Religious institutions exist and it is actively operating…yet why the foul cries from the devotees?

When I first visited Beijing on my own (not with tour groups), I was pleasantly surprised at the openness. Yes, there were uniformed police patrolling around the Tiananman Square area and the shopping areas, but that did not give me the impression that I had to watch that I say any more than in my own land or when residing in the West. In fact I feel safe that these uniformed police were around for security reasons!? In fact these are signs of a developing nation on the road to prosperity! (I’m sure I’d be clobbered for this!)

One obvious sign to religious freedom was I saw many monks clad in their robes walking freely around. Or are these for show?

Are the locals not allowed to worship in the open 3-self churches? These might be opened for the expatriate community and I was told Christians are not allowed to openly evangelise or proselytise. I can talk and discuss Christianity within the church compound but not outside. I’ve yet to test the truth as I was not there long to see the truth. 

Many Christians in China feared that if they openly profess their faith in Jesus, they are liable for persecutions…is this true? Can a people light a lamp and put it under a bowl? Are Christians not the light of the world?

Jesus in sermon on the mount said:

You are the light of the world. A city on a hill cannot be hidden. Neither do people light a lamp and put it under a bowl. Instead they put it on its stand, and it gives light to everyone in the house.

In the same way, let your light shine before men, that they may see your good deeds and praise your Father in heaven. (Matthew 5:14)

Is this not true that the Chinese government is cracking down on the clandestine groups — those groups that function without registration or within the law?

I fancy there are two groups praying for the Olympic Games: one, this will be a success and the other, hoping this event will highlight some ugly aspects of the country and eventually to shame China!

Unfortunately, the Olympic Games has become a tool for politiking!!!

#158

Living in these days of uncertainties and a sense of hopelessness pervades —

senseless killings where suicide bombers and terrorists made war on the innocents and civilians by planting bombs around the most crowded and unexpected areas;

mother nature wreaks havoc — global warming; earthquakes, droughts…

perplexing economic crises — staple food crises, fuel hikes, subprime and credit crunch, etc;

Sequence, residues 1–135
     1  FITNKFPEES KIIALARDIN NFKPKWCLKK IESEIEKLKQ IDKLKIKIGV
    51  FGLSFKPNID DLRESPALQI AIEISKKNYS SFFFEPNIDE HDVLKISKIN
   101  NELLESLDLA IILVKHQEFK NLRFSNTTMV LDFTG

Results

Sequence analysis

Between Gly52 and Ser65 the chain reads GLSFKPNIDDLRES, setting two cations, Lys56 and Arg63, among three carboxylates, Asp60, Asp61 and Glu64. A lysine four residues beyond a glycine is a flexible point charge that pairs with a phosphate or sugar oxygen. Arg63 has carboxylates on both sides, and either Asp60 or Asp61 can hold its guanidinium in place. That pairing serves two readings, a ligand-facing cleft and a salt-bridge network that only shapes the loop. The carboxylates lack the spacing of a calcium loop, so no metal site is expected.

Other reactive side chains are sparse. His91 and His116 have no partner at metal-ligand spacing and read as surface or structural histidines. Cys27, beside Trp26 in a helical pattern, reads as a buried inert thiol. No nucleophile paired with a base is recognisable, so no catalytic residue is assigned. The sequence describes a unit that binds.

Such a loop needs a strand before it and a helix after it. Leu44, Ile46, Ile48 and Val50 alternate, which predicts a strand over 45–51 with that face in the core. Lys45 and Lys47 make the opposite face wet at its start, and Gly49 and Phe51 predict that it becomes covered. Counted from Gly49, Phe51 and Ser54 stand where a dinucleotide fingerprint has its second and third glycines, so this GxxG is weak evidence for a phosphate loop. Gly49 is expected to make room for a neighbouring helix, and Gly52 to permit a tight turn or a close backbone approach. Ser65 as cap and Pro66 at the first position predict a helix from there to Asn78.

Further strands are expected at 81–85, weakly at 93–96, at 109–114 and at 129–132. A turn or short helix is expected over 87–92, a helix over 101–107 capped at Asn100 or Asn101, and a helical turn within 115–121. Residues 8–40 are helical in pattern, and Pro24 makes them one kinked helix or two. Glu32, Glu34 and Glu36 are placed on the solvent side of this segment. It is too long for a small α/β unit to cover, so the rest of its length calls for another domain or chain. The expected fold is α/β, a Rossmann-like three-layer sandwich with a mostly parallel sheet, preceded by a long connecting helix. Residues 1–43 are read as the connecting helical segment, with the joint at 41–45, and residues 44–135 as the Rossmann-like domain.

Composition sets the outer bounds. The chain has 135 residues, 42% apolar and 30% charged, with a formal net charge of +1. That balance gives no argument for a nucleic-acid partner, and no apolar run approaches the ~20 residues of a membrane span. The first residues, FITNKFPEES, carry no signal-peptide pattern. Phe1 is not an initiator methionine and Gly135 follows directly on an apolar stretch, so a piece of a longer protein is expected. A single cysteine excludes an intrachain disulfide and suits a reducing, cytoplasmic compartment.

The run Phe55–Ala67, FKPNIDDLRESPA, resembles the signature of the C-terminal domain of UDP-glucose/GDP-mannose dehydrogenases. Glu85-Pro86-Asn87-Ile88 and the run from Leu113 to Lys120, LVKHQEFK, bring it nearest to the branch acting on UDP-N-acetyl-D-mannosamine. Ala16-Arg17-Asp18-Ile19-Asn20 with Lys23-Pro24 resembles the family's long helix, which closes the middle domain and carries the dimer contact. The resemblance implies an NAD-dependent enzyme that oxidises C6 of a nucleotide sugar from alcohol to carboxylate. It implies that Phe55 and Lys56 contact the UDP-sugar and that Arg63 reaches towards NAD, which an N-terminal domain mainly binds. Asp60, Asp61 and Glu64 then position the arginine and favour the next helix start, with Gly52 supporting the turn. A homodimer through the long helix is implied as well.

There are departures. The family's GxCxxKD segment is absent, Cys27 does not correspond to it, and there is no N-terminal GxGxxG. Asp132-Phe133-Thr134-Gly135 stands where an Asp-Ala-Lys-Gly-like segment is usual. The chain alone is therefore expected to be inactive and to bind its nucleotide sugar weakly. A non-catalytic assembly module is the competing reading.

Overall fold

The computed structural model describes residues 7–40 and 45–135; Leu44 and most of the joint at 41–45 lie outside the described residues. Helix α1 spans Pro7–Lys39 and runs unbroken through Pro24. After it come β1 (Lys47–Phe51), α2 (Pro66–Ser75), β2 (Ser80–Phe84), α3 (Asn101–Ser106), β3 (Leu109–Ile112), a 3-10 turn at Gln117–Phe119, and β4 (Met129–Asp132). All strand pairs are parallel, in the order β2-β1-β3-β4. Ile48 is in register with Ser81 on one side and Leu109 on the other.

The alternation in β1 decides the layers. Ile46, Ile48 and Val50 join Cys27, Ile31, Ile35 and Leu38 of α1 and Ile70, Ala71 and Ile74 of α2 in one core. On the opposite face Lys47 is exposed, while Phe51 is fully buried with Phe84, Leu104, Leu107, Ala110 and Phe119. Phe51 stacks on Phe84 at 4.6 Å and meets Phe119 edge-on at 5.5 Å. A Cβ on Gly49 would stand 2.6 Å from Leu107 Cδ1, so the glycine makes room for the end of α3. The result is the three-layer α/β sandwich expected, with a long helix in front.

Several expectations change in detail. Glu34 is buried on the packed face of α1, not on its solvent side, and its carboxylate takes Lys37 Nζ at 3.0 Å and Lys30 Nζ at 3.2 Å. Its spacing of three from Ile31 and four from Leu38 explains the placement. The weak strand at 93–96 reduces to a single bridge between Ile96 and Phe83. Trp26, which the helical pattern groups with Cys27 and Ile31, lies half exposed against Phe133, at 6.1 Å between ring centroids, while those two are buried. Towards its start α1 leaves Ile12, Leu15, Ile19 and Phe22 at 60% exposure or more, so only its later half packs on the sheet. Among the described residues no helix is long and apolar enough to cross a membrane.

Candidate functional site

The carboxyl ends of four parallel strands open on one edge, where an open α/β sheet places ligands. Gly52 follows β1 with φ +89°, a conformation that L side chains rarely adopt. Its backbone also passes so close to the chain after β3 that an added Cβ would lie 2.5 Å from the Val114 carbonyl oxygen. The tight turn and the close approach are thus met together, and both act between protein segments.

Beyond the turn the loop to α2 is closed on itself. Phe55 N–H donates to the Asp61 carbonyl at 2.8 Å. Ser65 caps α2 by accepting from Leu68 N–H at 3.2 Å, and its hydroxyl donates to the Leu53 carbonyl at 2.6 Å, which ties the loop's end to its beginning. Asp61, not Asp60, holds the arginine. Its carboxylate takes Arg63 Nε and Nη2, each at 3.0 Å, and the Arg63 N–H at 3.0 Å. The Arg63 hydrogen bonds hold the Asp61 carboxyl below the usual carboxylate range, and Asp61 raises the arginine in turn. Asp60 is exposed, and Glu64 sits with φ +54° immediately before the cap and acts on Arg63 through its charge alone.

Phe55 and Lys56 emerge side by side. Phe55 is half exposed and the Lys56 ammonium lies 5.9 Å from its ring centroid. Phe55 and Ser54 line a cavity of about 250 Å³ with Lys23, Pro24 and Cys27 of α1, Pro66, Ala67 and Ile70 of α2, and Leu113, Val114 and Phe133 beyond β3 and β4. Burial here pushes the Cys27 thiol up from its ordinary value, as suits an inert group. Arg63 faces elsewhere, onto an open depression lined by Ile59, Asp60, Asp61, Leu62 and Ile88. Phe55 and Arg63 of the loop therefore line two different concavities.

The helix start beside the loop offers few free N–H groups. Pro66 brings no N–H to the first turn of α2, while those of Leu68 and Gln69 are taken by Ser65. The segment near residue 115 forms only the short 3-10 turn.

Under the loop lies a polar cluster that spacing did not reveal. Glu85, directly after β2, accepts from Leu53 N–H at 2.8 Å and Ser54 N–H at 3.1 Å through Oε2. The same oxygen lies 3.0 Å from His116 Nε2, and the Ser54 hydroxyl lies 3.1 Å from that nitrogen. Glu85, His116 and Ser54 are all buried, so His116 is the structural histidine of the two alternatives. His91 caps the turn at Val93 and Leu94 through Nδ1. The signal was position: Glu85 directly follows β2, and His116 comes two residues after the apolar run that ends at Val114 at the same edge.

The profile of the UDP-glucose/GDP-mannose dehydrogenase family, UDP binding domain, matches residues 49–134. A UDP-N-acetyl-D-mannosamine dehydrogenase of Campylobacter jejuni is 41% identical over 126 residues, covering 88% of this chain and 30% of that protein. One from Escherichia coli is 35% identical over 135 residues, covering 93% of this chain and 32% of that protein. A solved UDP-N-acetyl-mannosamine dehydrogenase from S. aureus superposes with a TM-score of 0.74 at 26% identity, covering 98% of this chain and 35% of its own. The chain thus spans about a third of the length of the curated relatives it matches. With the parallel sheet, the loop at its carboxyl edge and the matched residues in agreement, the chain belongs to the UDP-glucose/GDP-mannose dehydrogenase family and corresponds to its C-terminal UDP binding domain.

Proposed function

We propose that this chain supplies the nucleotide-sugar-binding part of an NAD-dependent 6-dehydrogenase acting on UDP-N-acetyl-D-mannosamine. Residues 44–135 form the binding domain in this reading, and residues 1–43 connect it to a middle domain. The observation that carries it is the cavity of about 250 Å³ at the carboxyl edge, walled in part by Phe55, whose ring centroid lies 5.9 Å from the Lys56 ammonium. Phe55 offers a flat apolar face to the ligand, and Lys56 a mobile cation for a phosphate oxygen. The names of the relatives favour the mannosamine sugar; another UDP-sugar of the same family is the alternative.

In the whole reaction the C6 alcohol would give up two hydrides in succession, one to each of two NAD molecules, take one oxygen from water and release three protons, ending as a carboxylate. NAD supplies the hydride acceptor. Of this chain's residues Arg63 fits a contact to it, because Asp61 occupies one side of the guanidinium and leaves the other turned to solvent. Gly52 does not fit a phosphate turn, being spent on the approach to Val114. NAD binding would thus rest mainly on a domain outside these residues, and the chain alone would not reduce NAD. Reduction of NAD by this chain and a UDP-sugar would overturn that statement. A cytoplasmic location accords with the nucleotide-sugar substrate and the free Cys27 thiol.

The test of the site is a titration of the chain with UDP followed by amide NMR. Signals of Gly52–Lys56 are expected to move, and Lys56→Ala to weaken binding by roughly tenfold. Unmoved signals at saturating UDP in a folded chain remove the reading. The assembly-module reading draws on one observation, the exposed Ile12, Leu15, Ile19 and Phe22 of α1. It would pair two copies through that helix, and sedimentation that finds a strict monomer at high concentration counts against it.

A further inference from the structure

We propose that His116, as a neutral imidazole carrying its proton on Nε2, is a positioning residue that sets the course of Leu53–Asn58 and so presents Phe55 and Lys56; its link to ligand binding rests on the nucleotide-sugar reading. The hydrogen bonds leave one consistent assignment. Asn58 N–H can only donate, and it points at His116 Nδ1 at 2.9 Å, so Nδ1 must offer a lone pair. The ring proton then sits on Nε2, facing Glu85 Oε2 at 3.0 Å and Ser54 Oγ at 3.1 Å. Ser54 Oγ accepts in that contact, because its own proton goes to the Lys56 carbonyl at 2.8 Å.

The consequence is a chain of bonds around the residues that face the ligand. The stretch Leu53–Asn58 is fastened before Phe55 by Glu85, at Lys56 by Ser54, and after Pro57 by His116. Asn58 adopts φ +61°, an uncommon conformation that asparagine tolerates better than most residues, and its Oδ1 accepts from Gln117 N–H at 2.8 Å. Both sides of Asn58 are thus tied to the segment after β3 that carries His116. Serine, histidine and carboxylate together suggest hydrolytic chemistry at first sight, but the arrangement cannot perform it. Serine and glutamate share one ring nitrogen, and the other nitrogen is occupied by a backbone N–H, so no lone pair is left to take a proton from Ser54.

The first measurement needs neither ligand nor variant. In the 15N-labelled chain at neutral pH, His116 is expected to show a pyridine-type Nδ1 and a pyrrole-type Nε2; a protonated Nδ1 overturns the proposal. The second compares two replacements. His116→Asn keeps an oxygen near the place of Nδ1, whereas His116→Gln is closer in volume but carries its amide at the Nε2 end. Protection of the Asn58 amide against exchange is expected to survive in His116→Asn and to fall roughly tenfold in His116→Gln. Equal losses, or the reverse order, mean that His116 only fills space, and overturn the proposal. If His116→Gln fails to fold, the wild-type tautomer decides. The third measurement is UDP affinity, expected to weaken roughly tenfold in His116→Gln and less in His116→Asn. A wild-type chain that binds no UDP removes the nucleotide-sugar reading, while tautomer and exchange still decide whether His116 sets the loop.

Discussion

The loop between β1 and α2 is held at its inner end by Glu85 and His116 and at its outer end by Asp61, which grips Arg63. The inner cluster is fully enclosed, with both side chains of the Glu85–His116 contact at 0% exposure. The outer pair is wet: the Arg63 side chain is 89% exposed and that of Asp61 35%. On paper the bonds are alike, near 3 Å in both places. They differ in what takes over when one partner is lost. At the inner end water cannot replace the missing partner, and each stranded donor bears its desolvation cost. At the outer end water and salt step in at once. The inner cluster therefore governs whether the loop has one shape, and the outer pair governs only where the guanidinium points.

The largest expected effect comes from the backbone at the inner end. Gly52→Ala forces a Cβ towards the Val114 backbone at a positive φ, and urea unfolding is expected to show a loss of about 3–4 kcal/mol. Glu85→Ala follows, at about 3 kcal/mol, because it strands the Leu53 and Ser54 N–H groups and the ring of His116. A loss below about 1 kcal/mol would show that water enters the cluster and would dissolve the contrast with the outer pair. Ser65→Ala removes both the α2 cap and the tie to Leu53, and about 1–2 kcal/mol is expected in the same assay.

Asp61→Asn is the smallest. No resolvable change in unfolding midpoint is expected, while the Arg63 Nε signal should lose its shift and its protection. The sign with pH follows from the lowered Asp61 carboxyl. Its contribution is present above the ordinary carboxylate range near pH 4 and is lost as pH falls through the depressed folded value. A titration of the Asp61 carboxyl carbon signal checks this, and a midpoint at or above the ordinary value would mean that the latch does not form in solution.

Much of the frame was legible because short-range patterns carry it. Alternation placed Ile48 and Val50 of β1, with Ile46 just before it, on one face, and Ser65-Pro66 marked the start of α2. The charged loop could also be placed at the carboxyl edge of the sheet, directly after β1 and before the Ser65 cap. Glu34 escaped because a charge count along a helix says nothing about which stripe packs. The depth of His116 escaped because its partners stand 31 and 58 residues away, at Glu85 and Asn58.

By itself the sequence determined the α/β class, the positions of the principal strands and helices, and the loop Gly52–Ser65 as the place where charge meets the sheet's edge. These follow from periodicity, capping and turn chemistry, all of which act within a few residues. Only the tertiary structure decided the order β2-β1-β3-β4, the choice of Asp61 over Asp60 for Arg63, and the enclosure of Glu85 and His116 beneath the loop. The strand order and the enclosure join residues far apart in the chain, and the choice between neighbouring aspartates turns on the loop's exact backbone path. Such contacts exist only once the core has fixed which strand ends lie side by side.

and political hagglings around the world…

— as a Christian, the words written in the Book of Revelation are true source of comfort. Those warnings ring true…and reassuring me good triumphs over evil, hope as we face difficult times and gives guidance when my faith is wavering.

#153 money, money, money

These days, I wonder where my hard-earned money went?  There is marked increase in the prices of food! With the fuel price hike, I wonder when announcements will be made for another transport fare increase?

Why is money so important? No money no talk. Without money one cannot survive.

Wonder how our founding governing leaders manage to bring Singapore to where she is considering a land without any natural resources. They were able to mobilise the human resources and only assets Singapore has was the port and air route…which then created tourism. Today it’s the intelligence resource… The economic downturn or recession is evident…and I can only pray for wisdom for our governing leaders to manage wisely…

Wisdom is a shelter

as money is a shelter,

but the advantage of knowledge is this:

that wisdom preserves the life of its possessor.

(Ecc 7:12)

A feast is made for laughter, and wine makes life merry,

but money is the answer for everything.

Whoever loves money never has money enough;

whoever loves wealth is never satisfied with his income.

Money is important but the love of money is the root of all evils…

#119 one prays for China

I’m praying that my Lord Jesus Christ will give the Chinese the courage to face tomorrow and at some unkind and callous words of discouragements to the victims and people of China. 

I pray for all aftershocks to cease and allow those in authority to concentrate on reconstruction and serving her people.

I pray for salvation and healing to come upon the land of China. That China will be the favored country tomorrow…that God will bless China bountifully.